Data_Sheet_1_The Ins and Outs of Water in Olivine-Hosted Melt Inclusions: Hygrometer vs. Speedometer.pdf (603.43 kB)
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Data_Sheet_1_The Ins and Outs of Water in Olivine-Hosted Melt Inclusions: Hygrometer vs. Speedometer.pdf

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posted on 2021-06-08, 04:27 authored by Anna Barth, Terry Plank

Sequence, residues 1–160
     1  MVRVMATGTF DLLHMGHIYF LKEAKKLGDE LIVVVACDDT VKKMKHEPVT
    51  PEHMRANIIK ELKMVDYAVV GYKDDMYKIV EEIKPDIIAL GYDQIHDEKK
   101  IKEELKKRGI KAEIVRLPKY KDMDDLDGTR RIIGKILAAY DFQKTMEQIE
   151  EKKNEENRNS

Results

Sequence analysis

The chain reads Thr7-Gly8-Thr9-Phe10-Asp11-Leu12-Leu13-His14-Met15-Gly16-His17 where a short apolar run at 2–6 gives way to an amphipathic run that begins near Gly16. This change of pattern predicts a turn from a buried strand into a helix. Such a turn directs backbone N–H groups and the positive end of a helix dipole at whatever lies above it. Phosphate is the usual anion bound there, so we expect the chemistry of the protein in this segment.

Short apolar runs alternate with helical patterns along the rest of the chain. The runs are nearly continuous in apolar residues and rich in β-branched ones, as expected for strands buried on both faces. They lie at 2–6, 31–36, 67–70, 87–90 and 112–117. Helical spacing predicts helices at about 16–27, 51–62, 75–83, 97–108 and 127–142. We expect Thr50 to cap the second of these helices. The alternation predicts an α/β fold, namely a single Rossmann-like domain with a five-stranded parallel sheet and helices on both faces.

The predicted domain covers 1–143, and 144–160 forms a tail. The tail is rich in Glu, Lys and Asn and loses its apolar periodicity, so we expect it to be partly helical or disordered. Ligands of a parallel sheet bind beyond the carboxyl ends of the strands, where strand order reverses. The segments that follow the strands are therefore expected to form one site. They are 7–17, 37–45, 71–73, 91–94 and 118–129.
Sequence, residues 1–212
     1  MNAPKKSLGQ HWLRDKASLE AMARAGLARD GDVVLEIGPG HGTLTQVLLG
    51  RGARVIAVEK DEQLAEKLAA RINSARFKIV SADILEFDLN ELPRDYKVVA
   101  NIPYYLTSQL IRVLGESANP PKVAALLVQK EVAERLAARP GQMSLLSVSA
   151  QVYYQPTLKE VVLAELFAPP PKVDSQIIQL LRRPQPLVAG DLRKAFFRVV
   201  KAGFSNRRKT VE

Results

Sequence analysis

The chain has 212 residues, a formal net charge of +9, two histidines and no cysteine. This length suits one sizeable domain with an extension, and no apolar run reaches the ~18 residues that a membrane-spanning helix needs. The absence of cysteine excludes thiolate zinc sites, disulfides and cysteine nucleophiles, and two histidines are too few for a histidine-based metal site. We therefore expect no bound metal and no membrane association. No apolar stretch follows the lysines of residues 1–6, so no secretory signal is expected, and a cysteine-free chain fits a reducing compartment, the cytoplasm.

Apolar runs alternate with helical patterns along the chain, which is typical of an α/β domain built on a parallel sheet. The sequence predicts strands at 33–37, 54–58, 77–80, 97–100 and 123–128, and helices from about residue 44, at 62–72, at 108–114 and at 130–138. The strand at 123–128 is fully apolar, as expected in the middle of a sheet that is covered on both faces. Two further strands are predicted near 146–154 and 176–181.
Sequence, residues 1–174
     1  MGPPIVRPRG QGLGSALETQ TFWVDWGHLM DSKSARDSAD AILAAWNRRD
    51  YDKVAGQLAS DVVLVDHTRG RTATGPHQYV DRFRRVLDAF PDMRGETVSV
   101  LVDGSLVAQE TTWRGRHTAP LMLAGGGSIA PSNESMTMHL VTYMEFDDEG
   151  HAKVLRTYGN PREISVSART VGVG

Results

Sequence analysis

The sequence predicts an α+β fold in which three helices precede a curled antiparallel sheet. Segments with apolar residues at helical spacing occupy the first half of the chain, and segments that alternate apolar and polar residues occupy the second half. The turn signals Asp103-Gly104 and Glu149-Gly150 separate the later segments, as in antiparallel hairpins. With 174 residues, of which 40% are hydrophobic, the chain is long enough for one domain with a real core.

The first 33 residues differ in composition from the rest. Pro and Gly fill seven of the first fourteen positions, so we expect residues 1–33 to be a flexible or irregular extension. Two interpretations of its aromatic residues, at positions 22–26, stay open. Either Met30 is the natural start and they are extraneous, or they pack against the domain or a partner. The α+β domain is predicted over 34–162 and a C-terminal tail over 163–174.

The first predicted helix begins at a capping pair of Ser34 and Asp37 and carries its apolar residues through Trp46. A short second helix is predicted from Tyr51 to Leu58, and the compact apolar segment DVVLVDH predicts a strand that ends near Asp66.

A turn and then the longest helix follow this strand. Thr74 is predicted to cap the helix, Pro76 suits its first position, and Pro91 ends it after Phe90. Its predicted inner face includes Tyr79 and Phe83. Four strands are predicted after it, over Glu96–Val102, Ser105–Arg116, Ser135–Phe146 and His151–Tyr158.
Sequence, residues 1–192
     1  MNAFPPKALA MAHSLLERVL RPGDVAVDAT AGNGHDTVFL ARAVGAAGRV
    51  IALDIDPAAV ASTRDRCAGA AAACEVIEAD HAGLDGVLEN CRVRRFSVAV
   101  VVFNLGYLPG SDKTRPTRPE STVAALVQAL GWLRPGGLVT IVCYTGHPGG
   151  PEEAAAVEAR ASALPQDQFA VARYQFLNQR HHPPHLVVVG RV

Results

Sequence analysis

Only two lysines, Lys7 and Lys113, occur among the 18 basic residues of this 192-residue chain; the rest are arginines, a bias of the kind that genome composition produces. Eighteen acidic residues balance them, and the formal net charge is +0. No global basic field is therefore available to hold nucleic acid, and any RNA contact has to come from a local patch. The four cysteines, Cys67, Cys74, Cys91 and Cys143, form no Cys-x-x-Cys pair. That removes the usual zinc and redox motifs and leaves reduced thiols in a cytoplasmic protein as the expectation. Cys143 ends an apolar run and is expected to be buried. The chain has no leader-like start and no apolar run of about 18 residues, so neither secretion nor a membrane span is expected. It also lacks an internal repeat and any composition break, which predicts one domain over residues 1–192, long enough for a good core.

The amount of water dissolved in magmas at depth beneath volcanoes is fundamental to a wide range of magmatic and eruptive processes due to water’s dominant control on magma generation, viscosity, and buoyancy. Since magmas degas most of their initial water content upon ascent and eruption, the primary record of magmatic water evolution exists within melt inclusions trapped inside crystals, especially olivine. However, the discovery of rapid H+ diffusion through olivine has called into question the fidelity of the melt inclusion water record. How compromised is the vast existing and growing dataset of melt inclusion water contents? What are the circumstances favorable for recording primary or pre-eruptive water concentration? Even if inclusions are compromised, diffusive water loss can be exploited to constrain magma decompression rates, a critical parameter that affects conduit processes. Here, we outline the current understanding of factors controlling water loss: the olivine/melt partition coefficient, the diffusive transport of water through olivine, the distance between inclusion and crystal rim, the melt inclusion size, and the exterior magma’s water evolution. We combine these parameters into a regime diagram that can be used to guide when melt inclusions may be used as hygrometers and when they are better suited to act as magma speedometers. We develop diagnostic tools to recognize where and when water loss has occurred in a magma’s ascent history, and we outline quantitative tools that may be used to restore the primary and/or pre-eruptive water content. The intent of this paper is to guide researchers in the interpretation of existing melt inclusion data, and to aid in the design of new studies that maximize the valuable information that melt inclusions may convey on the evolution of water in magmas prior to eruption.